Is there anything better than a well-prepared tube steak? If you’re a fan of encased meat on a bun, then July’s National Hotdog Month is the season for you. As simple as this food may seem, a hot dog you chow down on near Coney Island might be markedly different from one you nosh in Seattle. Regional variations inspire a strange and all-consuming loyalty — so pay attention to how the locations near your apartment are serving them up.
The Slaw Dog
A staple of the South, the slaw dog is a hot dog slathered with a thick, sweet, creamy mayonnaise-based slaw made from a mixture of finely chopped cabbage and carrots and placed on a lightly steamed bun. You can stop here, or try the unique flavor combination of the chili cheese slaw dog, which features a grilled hot dog topped with hearty, beanless chili and that signature slaw.
Where: The Varisty – 61 North Avenue, Atlanta, GA 30308
The Italian hot dog is like a regular hot dog on steroids. Hot dog vendors hip to this variety, most often found in New Jersey, take a half-round of doughy bakery bread, slice it open and create a pocket that resembles an enlarged pita, which is then smeared with yellow mustard. Then, they stuff in a pair of deep fried hot dogs (called rippers because their skin rips open during frying), toss on a mound of sautéed onions and peppers and a heap of crispy fried potato wedges.
Where: Jimmy Buff’s – 60 Washington St., West Orange, NJ 07052
The Chicago Style
As the name suggests, you can find this famous style in the Windy City. If you choose to chow down on this culinary creation, you’ll enjoy either a steamed or charred, all-beef, natural casing hot dog, nestled into a steamed poppy seed bun and topped with a variety of things. If you want it “dragged through the garden,” you’ll get chopped onions, sliced tomatoes, a dill pickle spear, neon green sweet pickle relish, yellow mustard, pickled sport peppers and celery salt. Just don’t ask for ketchup – you’ll never find this looked-down-upon condiment on the Chicago-style hot dog, although some vendors will provide small packets to customers who request it, along with a dirty glare.
Where: Superdawg – 6363 N Milwaukee Ave, Chicago, IL 60646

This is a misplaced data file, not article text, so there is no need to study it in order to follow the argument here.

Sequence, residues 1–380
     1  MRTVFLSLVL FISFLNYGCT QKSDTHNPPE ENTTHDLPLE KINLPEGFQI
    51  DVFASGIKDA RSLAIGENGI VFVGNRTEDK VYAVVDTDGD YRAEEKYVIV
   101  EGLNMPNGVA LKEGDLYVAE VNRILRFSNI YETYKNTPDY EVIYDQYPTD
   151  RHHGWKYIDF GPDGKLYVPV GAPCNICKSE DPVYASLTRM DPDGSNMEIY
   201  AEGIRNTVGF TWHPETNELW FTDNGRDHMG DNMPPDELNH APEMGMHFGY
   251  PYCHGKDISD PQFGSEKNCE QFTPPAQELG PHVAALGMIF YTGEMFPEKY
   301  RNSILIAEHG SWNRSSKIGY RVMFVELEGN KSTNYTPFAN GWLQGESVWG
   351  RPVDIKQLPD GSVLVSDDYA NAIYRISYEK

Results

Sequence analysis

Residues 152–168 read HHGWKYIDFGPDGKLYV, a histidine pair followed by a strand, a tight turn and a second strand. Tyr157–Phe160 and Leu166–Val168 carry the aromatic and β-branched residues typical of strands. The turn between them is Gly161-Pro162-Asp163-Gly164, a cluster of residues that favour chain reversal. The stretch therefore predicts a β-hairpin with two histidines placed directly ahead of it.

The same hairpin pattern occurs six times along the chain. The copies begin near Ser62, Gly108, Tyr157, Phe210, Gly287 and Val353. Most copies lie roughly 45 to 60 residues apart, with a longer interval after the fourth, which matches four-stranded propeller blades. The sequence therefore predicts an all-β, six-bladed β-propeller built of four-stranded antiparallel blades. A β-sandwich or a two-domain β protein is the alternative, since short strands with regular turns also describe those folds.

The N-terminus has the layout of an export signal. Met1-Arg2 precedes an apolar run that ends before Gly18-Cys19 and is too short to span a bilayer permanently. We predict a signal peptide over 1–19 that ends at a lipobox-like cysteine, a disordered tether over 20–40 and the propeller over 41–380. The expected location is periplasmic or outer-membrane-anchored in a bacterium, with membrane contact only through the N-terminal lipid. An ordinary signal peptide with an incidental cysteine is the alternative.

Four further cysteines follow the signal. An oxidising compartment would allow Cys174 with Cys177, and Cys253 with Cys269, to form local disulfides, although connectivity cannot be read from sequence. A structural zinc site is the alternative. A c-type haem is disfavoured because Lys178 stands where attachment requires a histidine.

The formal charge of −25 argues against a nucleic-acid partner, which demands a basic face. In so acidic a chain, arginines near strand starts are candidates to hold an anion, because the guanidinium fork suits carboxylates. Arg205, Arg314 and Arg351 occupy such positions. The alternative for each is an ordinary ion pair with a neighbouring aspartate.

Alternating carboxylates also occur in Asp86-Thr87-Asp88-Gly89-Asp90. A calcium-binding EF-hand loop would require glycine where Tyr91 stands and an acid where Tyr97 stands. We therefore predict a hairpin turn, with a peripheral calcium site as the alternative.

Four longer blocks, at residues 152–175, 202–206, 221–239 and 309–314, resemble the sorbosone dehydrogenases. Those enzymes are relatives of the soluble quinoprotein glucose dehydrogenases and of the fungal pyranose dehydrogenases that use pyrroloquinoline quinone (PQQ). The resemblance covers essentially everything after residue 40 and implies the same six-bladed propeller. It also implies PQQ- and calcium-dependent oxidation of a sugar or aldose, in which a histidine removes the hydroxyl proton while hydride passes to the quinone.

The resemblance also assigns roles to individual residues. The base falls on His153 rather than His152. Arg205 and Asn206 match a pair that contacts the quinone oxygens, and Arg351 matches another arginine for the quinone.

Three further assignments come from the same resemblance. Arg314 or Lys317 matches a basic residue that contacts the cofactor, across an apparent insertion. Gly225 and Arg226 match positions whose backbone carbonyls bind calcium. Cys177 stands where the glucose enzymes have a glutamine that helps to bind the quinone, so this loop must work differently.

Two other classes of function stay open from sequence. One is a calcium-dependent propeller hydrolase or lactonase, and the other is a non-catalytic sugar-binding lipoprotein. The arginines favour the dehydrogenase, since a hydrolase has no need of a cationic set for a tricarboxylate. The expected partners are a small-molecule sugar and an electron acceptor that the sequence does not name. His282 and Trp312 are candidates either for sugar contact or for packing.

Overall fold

Found in Tucson, metropolitan Phoenix and in Sonora, Mexico, the Sonoran hot dog is wrapped in mesquite-smoked bacon and then cooked on a grill or a griddle and stuffed into steamed bolillo rolls. The finished product is topped with pinto beans, chopped tomatoes, onions, mustard, mayo and jalapenos. Other topping variations include shredded cheddar cheese, queso fresco, cotija cheese, salsa verde and guacamole. It’s like a fiesta for your tummy.
Where: Nogales Hot Dogs – 1945 E Indian School Road, Phoenix, AZ 85016
The Seattle Style
If you haven’t heard of the Seattle-style cream cheese dog, you’re probably not alone. This sleeper hit of the Pacific Northwest has practically popped up out of nowhere and now can be found at hot dog carts across the Emerald City. The Seattle-style hot dog is a wiener or Polish sausage split, grilled and jammed into a toasted bun slathered with cream cheese. Standard toppings include grilled onions, jalapenos and either sauerkraut or grilled cabbage, while typical condiments include mustard, barbecue sauce and Sriracha.
Where: Monster Dogs – 1st Avenue and Bell Street, Seattle, WA 98101
The Puka Dog
Just as its native Hawaii is a melting pot of cultures, the puka dog offers a wide variety of flavors from across the world on one bun. The word puka means “hole” in Hawaiian and, in this case, refers to the hot dog’s bun, a loaf of sweet bread which is baked in a special contraption that creates a hole to encapsulate the grilled Polish sausage. Puka dogs are topped with any number of secret sauces, particularly a lemon garlic aioli, tropical mustards and fruit relish, like habanero, lemon, mango, coconut, papaya and guava.
Where: Hula Dog, 2301 Kuhio Avenue #334, Honolulu, HI 96815